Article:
Apple Watch Saves Woman From Blood Clot | Inquirer Technology

Apple Watch saves woman from a lethal blood clot

09:46 AM June 22, 2023

A Cincinnati woman thanks her Apple Watch for saving her from a serious blood clot. According to the Local12 news station, the 29-year-old woman slept after feeling unwell. Suddenly, her Apple Watch woke her up because her heart rate significantly spiked. Later, she went to the doctors, who said she had a fatal blood clot.

This story is a great example of technology saving people’s lives. We often hear doom and gloom about gadgets and apps taking over our lives. Consequently, it is refreshing to see devices maintain and protect our health. Perhaps you would like to try a smartwatch after reading more about this issue!

This article will elaborate on how an Apple Watch notified a woman of her previously unknown health condition. Then, I will cover other instances when this smartwatch saved other people.


How did the Apple Watch help in an emergency?


Ohio woman Kimmie Watkins felt dizzy, so she napped for a while. Later, she abruptly woke up after her smartwatch alarmed because her heart rate reached 178 beats per minute.

It was part of the Apple Watch’s health tracking features, not a phone call or text message. “I’m very lucky and that, if my nap hadn’t ended, that my partner would have found me, maybe asleep on the couch, not actually sleeping instead of what did happen,” she said.

She told Local12 News she felt “lightheaded, winded, and dizzy.” In response, the Cincinnati lady thought she wasn’t eating enough. After all, she said she didn’t have cardiovascular issues back then.

“I was asleep for about an hour and a half before my watch woke me up with this alarm that said that my heart rate had been too high for too long,” Watkins said. “So for over 10 minutes, it was too high.”

She went to the doctors and discovered she had a saddle pulmonary embolism. Dr. Richard Becker, a cardiologist at the University of Cincinnati’s College of Medicine, explained this sickness to Local12.

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Dr. Becker said those with a saddle PE have a 50% chance of survival. Moreover, a heart rate of 178 beats per minute is similar to an athlete at peak performance.

Healthline states that saddle pulmonary embolism occurs “when a large blood clot gets stuck in the main pulmonary artery.” Also, the doctor elaborated, “A saddle pulmonary embolism is the most severe and life-threatening of all, because it’s a blood clot that saddles both the blood vessel to the right lung and to the left lung.”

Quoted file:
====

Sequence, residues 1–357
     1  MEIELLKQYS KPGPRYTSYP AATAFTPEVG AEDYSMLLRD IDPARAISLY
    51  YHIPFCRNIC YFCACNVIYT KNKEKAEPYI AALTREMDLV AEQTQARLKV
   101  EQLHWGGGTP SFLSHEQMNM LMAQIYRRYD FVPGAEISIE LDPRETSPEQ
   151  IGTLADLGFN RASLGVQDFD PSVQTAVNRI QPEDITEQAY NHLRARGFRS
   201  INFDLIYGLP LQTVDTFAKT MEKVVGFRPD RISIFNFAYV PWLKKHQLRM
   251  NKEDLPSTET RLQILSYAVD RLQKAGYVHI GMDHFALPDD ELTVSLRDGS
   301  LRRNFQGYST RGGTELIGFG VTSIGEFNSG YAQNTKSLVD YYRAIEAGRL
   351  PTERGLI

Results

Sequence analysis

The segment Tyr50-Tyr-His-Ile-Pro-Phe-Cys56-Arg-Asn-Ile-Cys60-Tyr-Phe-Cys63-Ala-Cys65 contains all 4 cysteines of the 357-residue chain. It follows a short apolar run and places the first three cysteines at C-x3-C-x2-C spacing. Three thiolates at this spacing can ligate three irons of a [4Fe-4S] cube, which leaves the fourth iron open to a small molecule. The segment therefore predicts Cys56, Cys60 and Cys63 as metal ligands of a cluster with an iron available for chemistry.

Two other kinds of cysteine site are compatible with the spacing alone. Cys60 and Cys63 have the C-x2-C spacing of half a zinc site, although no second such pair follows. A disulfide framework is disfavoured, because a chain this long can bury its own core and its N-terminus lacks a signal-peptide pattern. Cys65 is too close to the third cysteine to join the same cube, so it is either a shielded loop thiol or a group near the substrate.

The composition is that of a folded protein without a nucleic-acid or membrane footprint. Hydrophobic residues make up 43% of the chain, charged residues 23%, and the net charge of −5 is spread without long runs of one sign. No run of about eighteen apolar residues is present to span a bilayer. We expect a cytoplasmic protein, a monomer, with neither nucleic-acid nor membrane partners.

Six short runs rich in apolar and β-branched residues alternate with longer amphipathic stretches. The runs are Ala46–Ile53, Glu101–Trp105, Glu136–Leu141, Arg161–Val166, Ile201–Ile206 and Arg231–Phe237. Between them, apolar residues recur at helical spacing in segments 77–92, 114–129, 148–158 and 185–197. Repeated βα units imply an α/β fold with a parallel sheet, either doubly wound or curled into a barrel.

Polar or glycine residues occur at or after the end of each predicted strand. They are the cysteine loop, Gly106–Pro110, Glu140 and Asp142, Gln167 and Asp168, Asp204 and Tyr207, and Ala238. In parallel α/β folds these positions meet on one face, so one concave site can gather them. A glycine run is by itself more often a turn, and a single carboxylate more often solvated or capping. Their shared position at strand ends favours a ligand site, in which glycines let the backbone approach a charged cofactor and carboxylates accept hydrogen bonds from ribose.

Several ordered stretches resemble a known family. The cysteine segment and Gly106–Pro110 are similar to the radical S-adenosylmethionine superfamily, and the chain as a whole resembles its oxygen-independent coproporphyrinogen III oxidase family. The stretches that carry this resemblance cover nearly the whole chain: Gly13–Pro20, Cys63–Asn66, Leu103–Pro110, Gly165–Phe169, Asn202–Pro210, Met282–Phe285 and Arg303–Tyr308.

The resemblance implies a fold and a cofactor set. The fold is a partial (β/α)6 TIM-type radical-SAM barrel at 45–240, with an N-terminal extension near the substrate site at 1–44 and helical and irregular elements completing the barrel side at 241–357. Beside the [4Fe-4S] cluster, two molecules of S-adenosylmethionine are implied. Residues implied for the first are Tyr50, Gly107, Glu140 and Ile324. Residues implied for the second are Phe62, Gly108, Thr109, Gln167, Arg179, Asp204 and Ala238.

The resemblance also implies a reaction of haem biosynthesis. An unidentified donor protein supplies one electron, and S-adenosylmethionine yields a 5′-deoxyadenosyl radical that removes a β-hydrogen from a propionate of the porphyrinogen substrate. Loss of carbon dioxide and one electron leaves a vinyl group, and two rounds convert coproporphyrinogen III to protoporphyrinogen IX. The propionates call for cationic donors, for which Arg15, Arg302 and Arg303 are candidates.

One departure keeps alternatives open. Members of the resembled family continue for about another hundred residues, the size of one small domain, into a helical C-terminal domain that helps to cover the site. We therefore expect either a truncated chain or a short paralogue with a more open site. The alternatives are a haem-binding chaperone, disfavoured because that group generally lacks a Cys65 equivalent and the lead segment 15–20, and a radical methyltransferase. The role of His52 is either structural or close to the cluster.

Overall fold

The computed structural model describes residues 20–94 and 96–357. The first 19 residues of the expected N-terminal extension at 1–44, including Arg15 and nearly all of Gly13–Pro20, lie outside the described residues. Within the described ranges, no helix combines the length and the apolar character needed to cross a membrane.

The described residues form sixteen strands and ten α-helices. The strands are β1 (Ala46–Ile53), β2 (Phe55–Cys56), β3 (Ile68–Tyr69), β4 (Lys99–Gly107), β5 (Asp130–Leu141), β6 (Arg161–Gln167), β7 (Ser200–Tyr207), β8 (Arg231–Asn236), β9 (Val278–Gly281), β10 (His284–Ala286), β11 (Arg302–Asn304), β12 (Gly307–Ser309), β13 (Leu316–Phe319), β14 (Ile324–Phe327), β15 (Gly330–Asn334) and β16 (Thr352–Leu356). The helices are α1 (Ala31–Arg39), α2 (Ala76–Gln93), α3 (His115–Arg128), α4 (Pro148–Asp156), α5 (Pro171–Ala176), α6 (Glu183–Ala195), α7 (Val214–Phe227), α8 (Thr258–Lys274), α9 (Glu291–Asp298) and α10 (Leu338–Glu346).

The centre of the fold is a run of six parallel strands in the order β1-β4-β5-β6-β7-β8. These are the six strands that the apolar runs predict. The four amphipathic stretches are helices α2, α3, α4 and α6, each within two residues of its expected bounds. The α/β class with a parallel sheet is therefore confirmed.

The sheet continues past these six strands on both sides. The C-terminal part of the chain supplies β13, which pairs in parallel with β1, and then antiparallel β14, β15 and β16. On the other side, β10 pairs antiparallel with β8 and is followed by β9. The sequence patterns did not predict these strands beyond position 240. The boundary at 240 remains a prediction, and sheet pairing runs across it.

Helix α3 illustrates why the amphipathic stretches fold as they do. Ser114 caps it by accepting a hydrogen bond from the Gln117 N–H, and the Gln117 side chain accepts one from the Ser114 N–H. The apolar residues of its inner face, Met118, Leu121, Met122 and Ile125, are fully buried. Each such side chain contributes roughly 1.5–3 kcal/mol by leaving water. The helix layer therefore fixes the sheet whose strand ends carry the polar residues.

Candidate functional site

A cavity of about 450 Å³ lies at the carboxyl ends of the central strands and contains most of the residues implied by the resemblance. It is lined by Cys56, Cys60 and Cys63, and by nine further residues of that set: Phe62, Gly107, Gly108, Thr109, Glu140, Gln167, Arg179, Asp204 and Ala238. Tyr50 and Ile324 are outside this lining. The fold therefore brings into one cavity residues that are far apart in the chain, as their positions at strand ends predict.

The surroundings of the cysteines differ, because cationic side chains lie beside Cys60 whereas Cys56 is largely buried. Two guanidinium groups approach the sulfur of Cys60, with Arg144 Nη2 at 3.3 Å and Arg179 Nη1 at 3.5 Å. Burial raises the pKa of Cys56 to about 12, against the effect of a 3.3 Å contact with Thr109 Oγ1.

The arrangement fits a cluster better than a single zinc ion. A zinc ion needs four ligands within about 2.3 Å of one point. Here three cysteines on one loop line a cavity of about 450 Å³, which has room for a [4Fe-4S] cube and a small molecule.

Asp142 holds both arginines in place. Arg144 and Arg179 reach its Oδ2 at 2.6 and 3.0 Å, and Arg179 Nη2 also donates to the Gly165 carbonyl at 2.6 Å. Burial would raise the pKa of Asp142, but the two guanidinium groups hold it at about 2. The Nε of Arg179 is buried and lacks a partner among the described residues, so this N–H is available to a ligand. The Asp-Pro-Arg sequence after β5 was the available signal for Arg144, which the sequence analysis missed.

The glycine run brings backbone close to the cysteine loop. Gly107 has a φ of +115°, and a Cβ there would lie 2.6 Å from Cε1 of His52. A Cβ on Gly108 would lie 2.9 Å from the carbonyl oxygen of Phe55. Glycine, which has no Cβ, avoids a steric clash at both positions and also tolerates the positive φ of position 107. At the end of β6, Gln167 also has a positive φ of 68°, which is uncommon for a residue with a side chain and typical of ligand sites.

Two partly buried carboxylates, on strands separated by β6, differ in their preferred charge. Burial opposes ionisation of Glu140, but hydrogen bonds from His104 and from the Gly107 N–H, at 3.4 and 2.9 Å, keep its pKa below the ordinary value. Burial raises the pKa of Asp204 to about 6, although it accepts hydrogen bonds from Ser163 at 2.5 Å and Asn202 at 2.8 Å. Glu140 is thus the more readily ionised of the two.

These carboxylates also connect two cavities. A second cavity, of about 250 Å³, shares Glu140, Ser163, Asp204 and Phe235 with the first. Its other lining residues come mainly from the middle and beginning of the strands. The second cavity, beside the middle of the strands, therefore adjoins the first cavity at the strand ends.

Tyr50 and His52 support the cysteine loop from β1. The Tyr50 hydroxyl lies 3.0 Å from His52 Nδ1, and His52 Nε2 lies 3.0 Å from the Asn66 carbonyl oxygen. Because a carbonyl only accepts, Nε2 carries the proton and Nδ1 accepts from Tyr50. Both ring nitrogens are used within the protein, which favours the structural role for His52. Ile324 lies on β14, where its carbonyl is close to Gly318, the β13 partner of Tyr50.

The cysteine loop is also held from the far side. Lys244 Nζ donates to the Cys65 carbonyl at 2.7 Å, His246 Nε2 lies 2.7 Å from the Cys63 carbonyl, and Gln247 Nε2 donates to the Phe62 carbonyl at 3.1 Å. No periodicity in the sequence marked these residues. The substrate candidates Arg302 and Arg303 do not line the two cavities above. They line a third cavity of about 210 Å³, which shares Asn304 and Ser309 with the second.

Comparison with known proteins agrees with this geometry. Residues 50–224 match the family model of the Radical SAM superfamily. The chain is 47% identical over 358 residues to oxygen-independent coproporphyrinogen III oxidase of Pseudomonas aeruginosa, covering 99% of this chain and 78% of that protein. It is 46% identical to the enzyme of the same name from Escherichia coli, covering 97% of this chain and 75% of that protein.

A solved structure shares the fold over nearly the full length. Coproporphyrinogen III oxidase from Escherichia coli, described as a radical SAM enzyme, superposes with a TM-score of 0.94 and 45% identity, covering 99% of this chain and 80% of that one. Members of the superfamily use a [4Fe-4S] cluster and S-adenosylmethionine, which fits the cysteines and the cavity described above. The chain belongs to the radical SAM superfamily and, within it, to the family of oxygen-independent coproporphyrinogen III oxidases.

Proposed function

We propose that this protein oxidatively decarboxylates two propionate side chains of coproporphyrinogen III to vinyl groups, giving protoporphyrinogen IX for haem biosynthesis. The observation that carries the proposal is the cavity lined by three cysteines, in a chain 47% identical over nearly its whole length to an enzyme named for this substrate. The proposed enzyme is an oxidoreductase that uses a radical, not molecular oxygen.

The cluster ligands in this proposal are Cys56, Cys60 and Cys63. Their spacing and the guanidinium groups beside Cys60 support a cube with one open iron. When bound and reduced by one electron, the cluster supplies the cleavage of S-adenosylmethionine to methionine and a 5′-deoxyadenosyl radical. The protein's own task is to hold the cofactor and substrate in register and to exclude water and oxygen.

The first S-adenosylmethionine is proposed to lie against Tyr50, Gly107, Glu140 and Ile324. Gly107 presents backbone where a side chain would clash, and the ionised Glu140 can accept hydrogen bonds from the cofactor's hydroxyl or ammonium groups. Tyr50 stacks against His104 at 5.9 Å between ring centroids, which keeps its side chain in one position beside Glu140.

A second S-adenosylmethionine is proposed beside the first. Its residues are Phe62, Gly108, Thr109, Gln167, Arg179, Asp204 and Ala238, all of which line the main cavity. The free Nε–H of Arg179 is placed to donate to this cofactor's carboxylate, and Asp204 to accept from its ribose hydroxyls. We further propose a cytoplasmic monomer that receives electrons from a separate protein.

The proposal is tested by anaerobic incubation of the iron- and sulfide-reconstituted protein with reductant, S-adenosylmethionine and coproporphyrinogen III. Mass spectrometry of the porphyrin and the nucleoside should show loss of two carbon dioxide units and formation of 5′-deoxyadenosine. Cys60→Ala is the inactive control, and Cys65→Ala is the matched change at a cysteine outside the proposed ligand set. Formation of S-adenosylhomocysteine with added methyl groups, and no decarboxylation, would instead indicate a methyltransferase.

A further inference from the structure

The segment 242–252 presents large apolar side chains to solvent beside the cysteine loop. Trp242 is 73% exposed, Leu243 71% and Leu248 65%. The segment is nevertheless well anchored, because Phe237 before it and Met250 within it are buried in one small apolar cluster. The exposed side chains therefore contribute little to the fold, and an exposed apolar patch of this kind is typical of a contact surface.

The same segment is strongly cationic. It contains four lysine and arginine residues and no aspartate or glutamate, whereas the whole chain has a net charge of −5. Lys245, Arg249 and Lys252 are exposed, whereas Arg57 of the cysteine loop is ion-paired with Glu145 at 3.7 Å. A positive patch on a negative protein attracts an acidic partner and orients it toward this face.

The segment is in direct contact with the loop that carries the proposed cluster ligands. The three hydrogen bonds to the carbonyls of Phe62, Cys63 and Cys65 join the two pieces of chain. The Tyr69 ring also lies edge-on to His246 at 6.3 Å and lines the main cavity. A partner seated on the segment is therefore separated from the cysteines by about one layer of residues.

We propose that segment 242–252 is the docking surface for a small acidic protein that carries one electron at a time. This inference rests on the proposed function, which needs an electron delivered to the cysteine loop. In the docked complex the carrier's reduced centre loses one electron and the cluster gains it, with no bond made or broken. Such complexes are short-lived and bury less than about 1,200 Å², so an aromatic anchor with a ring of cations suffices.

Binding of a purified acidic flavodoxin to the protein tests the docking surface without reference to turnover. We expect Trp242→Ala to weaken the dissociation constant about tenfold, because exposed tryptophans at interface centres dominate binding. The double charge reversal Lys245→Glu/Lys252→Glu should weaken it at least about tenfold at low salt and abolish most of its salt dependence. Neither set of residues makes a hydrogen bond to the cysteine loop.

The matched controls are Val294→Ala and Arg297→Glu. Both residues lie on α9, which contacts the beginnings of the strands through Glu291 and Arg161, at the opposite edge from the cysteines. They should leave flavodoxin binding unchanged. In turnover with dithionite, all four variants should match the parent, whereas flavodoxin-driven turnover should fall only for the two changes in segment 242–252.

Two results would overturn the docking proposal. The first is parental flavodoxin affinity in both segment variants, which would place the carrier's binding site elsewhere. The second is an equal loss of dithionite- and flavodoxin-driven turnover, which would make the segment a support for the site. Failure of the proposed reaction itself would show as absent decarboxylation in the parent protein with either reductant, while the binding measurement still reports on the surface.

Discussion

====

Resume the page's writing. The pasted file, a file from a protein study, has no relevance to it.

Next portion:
Dr. Becker says consumer heart rate monitors are similar to those in hospitals. Hence, he said, “Part of me sees wearables as part of that movement of health.”

Other times an Apple Watch saved lives

This shows the Apple Watch's fitness tracking feature.

Kimmie Watkins wears her smartwatch with pride following the incident. She hopes others will feel inspired to use an Apple Watch and similar technologies for their health.

Watkins discovered her condition thanks to her Apple Watch. However, this device saved other people in their hour of need. Let us briefly cover some of their stories:

  • KETV7 reported on a 92-year-old farmer saved by his smartwatch. In June 2020, he fell 20 feet over the ground from a ladder. Fortunately, the Apple Watch’s Fall Detection feature activated and called emergency services to rescue him.
  • Kimmie Watkins wasn’t the first person Apple Watch saved from a blood clot. In February 2021, Keith Simpson’s smartwatch informed him his heart rate had dropped below normal. In response, he went to the doctor and found seven blood clots. WRDW said Simpson was so grateful he messaged then-alive CEO Tim Cook.
  • CBS News reported on William Rogers, who fell through a patch of ice while skating. He tried pulling himself out of the water, but the ice kept breaking. Fortunately, his smartwatch was water-resistant so that he could call emergency services.
  • Another CBS story covered Kim Durkee, a 67-year-old woman who bought an Apple Watch to count her steps. She happily used it as a fitness tracker for two years before it notified her of an irregular heartbeat, possibly due to atrial fibrillation. In response, she got a checkup, found a heart tumor, and removed it via surgery.
  • In September 2019, Daily Mail reported about Chris Mint, a fitness enthusiast saved by an Apple Watch. He consulted a doctor and found he had two leaking heart valves. Thanks to the device, Mint got treatment before his condition worsened.

You may also like: Huawei Watch 4 Checks Your Blood Sugar


The Apple Watch saved a Cincinnati woman’s life by notifying her of a spiking heart rate. Also, the device helped others detect dangerous conditions and call emergency services.

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These stories prove that smartwatches can be a nifty health and fitness tool. However, you should still consult your doctor to confirm their health readings.

This article does not provide medical advice. You may read more about the Apple Watch’s health features in this other article. Also, learn more about digital trends at inquirer Tech.

TOPICS: Apple, Apple Watch, Health and Science, interesting topics, Trending
TAGS: Apple, Apple Watch, Health and Science, interesting topics, Trending

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